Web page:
Hi TCPAWorld and happy Monday! The Baroness here. Back with some good news 🙂

Defendant CrossCountry Mortgage, LLC wins on a motion to dismiss and Plaintiff Sam Katz is NOT granted leave to amend!

How did this happen?

Let’s dive in.

Sam Katz filed suit against CrossCountry Mortgage, LLC and other entities alleging violations of the TCPA. Specifically, Katz alleged CrossCountry used an ATDS to make “multiple calls” a week to him without his prior express written consent and while his number was listed on the National DNC Registry. SAM KATZ v. CROSSCOUNTRY MORTGAGE, LLC No. 1:22-CV-00925, 2022 WL 16950481 (N.D. Ohio Nov. 15, 2022).

CrossCountry moved to dismiss Katz’ First Amended Complaint for failure to state a claim.

CrossCountry argued that Katz’ FAC “employs a ‘shotgun-style’ pleading that merely parrots the language of the TCPA,” and thus, fails to state a claim for which relief can be granted. As I’m sure you all know, a Complaint must allege sufficient factual allegations to state a claim. It is not enough to merely recite the language of the TCPA.

To state a claim under the TCPA, a Plaintiff must allege that a Defendant (1) made a call, (2) using an ATDS or artificial or prerecorded voice, (3) to a telephone number assigned to a cellular telephone service, (4) absent the prior express consent of the Plaintiff. Reo v. Caribbean Cruise Line, Inc., 2016 WL 1109042, at *4 (N.D. Ohio Mar. 18, 2016).

But a Plaintiff is also required to make “some additional factual allegations, no matter how minor, in addition to parroting the language of the statute,” to sufficiently allege that Defendant utilized a prerecorded or artificial voice or used an ATDS system. This seems simple enough right?

Here, Katz’ only allegation in support of CrossCountry’s use of an ATDS was that there was a “perceptible delay…in which the Plaintiff’s information [was] transferred between the lead generator and the party the Plaintiff [was] transferred to…” Is this sufficient to state a claim? The Court found it was not. The Court stated the FAC did not include a description of the content of the calls or information regarding the frequency of the calls, nor did Katz offer any description of the “manner” by which the calls were transferred.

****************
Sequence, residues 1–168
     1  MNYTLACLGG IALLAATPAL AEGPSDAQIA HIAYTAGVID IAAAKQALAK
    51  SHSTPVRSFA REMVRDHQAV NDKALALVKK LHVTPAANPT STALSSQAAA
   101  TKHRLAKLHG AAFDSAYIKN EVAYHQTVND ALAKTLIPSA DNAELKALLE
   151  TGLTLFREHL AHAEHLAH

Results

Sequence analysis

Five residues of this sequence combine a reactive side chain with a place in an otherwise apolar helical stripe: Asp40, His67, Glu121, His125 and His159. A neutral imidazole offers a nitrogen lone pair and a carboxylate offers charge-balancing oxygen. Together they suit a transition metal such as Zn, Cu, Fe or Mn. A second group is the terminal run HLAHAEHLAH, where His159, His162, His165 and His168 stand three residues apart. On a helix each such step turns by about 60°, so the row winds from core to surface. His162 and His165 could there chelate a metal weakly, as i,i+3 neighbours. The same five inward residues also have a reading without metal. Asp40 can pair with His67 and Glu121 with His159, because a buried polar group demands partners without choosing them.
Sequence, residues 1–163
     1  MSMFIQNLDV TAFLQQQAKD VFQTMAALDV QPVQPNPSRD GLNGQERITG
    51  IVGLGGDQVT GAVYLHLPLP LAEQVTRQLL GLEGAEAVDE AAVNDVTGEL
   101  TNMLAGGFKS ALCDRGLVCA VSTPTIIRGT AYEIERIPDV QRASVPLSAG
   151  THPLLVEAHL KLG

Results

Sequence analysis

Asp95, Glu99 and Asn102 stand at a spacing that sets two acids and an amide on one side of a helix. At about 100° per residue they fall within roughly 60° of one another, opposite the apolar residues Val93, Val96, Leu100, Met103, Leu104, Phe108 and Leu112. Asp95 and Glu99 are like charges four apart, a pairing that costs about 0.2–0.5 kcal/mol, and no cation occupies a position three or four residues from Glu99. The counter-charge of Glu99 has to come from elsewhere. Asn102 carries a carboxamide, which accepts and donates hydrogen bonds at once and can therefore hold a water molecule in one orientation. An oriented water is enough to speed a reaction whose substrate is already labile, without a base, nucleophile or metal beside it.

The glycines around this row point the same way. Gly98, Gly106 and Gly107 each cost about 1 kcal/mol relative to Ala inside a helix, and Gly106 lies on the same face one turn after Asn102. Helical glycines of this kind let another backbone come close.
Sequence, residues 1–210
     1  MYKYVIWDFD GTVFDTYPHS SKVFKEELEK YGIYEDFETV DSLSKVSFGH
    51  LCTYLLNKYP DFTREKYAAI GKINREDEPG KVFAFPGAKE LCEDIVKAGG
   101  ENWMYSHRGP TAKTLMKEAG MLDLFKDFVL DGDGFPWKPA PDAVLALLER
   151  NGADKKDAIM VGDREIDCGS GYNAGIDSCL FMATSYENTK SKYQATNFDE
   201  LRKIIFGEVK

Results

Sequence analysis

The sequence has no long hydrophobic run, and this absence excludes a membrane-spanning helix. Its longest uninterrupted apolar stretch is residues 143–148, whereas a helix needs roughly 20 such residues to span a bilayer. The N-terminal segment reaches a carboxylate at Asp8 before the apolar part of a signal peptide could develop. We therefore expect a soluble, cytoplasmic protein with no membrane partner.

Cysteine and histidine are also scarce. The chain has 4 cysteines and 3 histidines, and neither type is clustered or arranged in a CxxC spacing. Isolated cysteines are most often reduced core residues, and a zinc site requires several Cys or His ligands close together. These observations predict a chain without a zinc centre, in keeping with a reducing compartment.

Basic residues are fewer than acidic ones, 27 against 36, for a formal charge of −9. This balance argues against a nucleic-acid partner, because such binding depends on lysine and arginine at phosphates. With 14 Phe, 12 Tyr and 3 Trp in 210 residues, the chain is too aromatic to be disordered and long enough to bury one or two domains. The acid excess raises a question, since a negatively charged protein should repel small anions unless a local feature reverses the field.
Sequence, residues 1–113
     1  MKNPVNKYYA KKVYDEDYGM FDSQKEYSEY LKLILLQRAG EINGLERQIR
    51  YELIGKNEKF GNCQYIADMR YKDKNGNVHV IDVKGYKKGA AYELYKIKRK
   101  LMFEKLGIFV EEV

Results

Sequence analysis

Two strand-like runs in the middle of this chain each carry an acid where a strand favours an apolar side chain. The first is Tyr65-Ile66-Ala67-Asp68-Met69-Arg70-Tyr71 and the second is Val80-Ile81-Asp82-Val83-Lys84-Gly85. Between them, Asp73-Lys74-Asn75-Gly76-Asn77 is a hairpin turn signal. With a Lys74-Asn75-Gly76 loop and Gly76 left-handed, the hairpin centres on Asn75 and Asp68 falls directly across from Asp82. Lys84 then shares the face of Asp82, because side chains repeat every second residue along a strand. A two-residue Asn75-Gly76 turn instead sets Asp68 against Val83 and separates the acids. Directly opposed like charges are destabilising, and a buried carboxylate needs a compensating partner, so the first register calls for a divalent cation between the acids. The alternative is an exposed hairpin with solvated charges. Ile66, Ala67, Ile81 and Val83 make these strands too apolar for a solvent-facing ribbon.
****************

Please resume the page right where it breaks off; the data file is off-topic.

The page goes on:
Additionally, Katz did not offer any factual allegation as to the identities of the lead generator or the transferee. As such, the Court stated Katz failed to allege direct or vicariously liability as he failed to identify the source of the calls.

Katz also failed to specify how many times he was called by CrossCountry or that the calls were telephone solicitations.

Talk about striking out!

And as to Katz’ state law claims, since the Court disposed of Katz’ federal claims, the Court declined to exercise supplemental jurisdiction over any state law claims and dismissed them.

Lastly and most importantly, Katz was not granted leave to amend and the FAC was dismissed with prejudice.

Why was the Court not forgiving?

Well, Katz previously sought leave to amend his original complaint to address deficiencies raised in CrossCountry’s initial motion to dismiss, which CrossCountry did not oppose, and the Court granted. Nevertheless, the Court found, many of the same deficiencies in Katz’ original complaint remained in Katz’ FAC.

And to make matters worse, Katz failed to follow the proper procedure for requesting leave to amend. “[A] bare request in an opposition to a motion to dismiss— without any indication of the particular grounds on which amendment is sought… does not constitute a motion within the contemplation of Rule 15(a).” La. Sch. Emps.’ Ret. Sys. v. Ernst & Young, LLP, 622 F.3d 471, 486 (6th Cir. 2010) (quoting PR Diamonds, Inc. v. Chandler, 364 F.3d 671, 698 (6th Cir. 2004)).

What a win for CrossCountry Mortgage.


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